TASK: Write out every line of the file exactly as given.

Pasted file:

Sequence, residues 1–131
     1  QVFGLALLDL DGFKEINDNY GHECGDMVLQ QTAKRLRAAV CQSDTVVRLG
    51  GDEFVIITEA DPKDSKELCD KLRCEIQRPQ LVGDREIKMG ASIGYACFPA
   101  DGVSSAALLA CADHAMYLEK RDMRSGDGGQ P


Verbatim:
Sequence, residues 1–131
     1  QVFGLALLDL DGFKEINDNY GHECGDMVLQ QTAKRLRAAV CQSDTVVRLG
    51  GDEFVIITEA DPKDSKELCD KLRCEIQRPQ LVGDREIKMG ASIGYACFPA
   101  DGVSSAALLA CADHAMYLEK RDMRSGDGGQ P